After more than 50 years of service, the F-4 Phantom II is about to be retired by the U.S. Air Force.
The final F-4 Phantom appearance at an airshow while in USAF service occurred during Nellis Air Force Base’s Aviation Nation air show, on Nov. 12 and 13.
QF-4E 74-1638, piloted by Lt. Col. Ron “Elvis” King and Jim Harkins, pilots from Holloman AFB, New Mexico, flew at the show on both days, making several passes in afterburner to the delight of more than 295,000 spectators from around the world.
The photographs in this post were taken by our reader Ken Lilly at Nellis AFB during Aviation Nation 2016.
“[The QF-4 retiring] is bittersweet,” said King, 82nd Aerial Target Squadron Detachment 1 commander in a U.S. Air Force release. “It’s been a phenomenal workhorse for our country for years. When the military revitalized the aircraft after retiring them in 1997, it gave them a second lease on life.”
The aircraft have flown as unmanned aerial targets for several DoD and foreign military sales customers testing next generation weapons.
“Just as service members come and go in their military careers, unfortunately so do aircraft,” said Harkins. “It’s getting harder and harder to do the job that it’s supposed to do [based on new technology].
“It’s too old to go as high and as fast or as many [gravitational forces] as the customers need it to so they can proper test equipment,” he added.
Air Combat Command declared initial operational capability for its replacement, the QF-16 full-scale aerial target, that has been flying with the 82nd ATRS, based at Tyndall AFB, Florida, since September 2014,, on Sept. 23: therefore the QF-4 flown by the 82nd ATRS Det. 1 at Holloman AFB is being retired on Dec. 21.
Whilst unmanned operations ended in September, the last unmanned mission in a threat representative configuration was flown on Aug. 17, 2016, “against” an F-35 Lightning II.
A QF-4 Aerial Target lands on the flight line at Nellis Air Force Base, Nev., during the Aviation Nation air show on Nov. 11, 2016. The QF-4 was piloted by Lt. Col. Ron King, 82nd Aerial Targets Squadron Detachment 1 commander, at Holloman AFB, New Mexico. (U.S. Air Force photo by A1C Kevin Tanenbaum/Released)
The aircraft, piloted by Lt. Col. Ron “Elvis” King and by Lt. Col. (Ret) Jim “WAM” Harkins, made a couple of aggressive passes through the canyon before continuing their journey to Hill.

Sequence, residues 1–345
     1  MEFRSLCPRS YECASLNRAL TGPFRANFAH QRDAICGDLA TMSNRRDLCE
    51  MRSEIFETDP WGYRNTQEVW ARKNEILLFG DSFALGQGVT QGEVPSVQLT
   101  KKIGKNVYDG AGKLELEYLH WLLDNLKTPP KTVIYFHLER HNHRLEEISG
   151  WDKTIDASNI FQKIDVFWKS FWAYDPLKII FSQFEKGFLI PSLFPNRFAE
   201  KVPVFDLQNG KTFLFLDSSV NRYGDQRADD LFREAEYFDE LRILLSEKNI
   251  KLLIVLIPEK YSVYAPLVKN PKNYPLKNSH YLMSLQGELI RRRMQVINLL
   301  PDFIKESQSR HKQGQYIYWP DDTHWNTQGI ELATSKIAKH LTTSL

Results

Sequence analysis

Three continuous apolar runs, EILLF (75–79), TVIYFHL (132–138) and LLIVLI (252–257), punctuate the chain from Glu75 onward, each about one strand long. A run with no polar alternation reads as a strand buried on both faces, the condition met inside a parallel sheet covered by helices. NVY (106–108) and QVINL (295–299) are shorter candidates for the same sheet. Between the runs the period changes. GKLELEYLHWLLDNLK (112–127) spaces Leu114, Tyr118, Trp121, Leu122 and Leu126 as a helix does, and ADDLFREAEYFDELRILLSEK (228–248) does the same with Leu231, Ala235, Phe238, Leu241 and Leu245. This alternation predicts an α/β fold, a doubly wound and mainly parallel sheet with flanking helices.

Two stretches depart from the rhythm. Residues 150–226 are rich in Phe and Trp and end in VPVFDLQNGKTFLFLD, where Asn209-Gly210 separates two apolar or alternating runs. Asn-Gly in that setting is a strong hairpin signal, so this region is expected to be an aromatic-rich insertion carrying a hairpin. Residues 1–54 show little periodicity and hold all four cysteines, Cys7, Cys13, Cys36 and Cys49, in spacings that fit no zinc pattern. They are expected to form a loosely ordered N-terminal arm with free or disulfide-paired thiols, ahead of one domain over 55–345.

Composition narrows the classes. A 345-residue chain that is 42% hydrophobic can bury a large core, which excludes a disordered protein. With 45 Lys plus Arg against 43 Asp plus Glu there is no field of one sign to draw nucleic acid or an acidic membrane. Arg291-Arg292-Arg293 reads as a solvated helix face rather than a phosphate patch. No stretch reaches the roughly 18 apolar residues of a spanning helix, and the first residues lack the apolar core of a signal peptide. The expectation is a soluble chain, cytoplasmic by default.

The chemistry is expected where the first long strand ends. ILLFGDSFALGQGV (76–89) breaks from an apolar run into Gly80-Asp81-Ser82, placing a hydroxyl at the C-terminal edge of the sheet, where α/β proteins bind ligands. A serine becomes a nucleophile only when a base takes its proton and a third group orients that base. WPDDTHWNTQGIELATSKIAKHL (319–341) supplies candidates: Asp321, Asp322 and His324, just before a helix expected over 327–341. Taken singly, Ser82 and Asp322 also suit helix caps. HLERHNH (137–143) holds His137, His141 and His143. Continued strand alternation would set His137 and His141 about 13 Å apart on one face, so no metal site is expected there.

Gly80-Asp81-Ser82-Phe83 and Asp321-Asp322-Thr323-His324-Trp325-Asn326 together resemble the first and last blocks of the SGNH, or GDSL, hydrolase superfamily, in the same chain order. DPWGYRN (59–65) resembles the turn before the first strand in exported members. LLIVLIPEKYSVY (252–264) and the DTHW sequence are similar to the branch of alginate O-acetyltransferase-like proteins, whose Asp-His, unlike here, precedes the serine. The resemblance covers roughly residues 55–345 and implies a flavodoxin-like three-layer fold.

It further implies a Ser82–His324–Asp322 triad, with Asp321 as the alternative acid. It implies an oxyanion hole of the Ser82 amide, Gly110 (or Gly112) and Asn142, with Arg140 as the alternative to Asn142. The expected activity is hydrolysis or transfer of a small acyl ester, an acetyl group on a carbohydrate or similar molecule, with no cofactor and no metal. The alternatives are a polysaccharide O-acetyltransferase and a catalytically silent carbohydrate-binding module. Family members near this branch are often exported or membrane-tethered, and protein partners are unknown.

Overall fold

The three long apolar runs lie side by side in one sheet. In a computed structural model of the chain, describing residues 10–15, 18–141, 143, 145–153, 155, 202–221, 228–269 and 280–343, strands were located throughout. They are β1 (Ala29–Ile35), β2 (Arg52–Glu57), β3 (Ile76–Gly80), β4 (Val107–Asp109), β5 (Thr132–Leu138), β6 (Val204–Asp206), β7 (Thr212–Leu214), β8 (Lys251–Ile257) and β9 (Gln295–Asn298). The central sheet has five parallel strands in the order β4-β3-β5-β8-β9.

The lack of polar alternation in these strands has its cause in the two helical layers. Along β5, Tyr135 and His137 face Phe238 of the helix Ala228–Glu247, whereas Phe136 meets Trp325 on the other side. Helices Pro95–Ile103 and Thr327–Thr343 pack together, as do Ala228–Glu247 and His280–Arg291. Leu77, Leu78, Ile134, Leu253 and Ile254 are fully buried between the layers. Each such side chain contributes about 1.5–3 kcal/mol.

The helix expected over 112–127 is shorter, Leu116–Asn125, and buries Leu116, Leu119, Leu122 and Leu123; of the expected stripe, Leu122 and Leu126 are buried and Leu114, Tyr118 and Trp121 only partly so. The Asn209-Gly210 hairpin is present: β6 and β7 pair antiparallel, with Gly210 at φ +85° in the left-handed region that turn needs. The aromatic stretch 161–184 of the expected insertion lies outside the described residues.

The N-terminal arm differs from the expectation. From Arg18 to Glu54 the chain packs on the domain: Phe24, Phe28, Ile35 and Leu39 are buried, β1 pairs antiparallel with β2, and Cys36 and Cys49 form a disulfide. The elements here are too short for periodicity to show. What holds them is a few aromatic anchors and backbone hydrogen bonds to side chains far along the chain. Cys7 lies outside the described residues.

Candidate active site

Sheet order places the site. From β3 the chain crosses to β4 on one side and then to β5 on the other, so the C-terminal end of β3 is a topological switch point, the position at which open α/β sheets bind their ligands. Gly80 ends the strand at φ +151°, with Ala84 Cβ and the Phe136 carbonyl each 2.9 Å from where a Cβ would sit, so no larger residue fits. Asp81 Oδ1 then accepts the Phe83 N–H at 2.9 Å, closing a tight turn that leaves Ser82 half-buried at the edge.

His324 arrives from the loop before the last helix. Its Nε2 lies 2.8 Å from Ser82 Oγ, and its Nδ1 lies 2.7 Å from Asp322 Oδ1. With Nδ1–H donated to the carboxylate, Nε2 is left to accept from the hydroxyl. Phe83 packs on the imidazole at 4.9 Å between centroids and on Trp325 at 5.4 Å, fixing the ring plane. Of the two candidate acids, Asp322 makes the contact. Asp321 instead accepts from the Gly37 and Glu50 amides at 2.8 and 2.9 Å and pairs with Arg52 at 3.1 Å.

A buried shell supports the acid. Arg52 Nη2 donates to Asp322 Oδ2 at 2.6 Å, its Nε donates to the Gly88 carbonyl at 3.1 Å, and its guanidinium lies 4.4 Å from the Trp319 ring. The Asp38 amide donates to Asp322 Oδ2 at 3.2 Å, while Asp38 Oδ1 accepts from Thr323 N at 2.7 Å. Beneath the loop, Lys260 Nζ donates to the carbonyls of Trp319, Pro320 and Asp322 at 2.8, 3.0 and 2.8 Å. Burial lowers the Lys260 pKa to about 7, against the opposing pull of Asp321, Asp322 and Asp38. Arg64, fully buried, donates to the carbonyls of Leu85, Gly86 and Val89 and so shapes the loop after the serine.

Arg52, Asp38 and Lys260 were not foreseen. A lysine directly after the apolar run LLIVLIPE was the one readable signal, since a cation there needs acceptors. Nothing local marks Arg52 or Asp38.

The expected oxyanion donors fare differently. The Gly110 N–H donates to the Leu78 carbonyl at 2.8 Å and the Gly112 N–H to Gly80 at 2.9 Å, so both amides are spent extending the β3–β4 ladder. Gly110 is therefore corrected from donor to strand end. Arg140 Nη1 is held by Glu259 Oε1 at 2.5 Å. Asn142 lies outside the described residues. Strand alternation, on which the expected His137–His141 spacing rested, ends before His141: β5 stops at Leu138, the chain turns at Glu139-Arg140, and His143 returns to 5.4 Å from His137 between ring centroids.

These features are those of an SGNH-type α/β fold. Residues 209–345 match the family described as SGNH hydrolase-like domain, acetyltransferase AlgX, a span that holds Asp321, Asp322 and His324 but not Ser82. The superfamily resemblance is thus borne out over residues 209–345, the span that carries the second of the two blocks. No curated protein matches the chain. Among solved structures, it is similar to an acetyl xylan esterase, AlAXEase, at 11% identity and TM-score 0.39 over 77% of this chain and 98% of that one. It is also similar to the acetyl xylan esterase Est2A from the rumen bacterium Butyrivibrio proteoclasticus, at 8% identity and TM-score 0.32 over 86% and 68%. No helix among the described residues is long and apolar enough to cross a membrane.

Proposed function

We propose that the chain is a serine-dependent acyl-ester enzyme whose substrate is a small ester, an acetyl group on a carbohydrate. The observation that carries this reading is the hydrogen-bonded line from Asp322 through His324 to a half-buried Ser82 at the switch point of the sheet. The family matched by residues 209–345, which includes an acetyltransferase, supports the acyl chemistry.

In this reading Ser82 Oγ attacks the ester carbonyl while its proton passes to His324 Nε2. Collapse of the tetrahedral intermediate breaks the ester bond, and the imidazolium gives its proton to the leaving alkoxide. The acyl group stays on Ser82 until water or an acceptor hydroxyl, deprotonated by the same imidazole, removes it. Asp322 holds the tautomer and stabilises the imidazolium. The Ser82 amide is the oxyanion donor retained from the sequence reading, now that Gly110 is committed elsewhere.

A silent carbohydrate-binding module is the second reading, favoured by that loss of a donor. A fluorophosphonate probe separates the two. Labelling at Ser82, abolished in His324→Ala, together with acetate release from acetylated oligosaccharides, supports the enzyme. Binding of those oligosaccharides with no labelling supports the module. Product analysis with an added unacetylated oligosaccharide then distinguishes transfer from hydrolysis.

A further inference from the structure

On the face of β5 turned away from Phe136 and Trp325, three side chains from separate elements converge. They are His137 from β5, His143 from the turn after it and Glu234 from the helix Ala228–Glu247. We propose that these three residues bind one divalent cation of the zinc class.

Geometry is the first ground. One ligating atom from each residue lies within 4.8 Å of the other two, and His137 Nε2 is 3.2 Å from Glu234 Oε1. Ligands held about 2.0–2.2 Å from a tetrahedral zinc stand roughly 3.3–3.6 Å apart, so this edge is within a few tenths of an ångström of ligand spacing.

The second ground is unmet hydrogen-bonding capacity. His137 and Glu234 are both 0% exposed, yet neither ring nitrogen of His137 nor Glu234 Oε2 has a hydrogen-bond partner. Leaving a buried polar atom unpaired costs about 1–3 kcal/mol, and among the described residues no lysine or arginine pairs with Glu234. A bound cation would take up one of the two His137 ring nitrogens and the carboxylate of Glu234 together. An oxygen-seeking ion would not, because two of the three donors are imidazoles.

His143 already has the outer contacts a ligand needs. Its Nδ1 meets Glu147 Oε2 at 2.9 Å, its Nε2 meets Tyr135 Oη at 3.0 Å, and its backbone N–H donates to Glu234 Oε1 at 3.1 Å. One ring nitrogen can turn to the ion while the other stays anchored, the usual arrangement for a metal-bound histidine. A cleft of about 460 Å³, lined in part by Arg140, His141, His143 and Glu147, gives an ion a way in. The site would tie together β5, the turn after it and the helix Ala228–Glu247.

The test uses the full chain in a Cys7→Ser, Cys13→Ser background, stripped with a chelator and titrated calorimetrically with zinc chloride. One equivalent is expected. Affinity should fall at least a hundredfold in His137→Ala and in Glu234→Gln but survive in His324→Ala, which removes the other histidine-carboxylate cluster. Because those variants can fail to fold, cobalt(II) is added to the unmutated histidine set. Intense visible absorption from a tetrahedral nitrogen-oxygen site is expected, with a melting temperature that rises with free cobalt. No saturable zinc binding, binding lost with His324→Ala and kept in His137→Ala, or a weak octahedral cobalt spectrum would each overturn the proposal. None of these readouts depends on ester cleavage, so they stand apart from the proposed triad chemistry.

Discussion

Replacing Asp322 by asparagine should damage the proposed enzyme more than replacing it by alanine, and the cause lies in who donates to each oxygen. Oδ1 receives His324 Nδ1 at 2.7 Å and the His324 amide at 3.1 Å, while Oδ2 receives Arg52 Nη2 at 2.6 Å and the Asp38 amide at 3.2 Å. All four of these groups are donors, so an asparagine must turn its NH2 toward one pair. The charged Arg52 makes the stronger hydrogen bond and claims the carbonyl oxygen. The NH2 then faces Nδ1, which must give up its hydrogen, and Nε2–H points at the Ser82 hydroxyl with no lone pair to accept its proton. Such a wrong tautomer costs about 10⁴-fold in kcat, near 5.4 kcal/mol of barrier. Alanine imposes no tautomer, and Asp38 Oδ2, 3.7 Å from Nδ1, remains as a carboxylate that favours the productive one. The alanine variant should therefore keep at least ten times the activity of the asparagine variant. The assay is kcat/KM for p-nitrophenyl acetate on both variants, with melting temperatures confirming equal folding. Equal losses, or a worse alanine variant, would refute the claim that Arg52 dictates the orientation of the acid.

The F-4 is one of the most successful multi-role fighter aircraft ever produced. Over 5,000 Phantoms of various models were built and served in combat with a variety of Air Forces around the world. In the U.S., the F-4 served with the US Navy beginning in 1961, followed by the USMC and the USAF.
The aircraft remained in service with the USAF through 1996 when it was retired.
Many Phantoms were converted to service as manned and unmanned targets for weapons training with various USAF and DoD programs, including the White Sands Missile Range.
Awesome video and photographs of the last USAF Phantoms thundering through the famous Jedi Transition.
On Tuesday, Oct. 25 two USAF McDonnell Douglas QF-4E Phantom II’s made passes through “Star Wars Canyon” (Jedi Transition) in Death Valley, CA. The lead Phantom (gray and orange) was piloted by Lt. Col. Ron “Elvis” King and the second jet (green camo) was piloted by Lt. Col. (Ret) Jim “WAM” Harkins.
It was a very rare treat to see the QF-4s pass through the canyon. The Phantoms were in transit from NAS Point Mugu, CA to Hill AFB, UT and made the two passes at about 350 knots. Aviation enthusiasts are used to seeing modern and nimble aircraft such as F/A-18E/Fs and F-16s pass through the canyon and the QF-4Es did well, maneuvering aggressively in the canyon confines.
Though bearing the markings of the Tyndall AFB based 82nd Aerial Targets Squadron (ATRS) the QF-4Es hail from Detachment 1, 82nd ATRS, based at Holloman AFB. The 82nd ATRS at Tyndall AFB has fully converted to the QF-16. The QF-4Es captured are two of seven remaining QF-4s capable of manned flight (an additional handful of remaining aircraft are capable of “unmanned” flight only).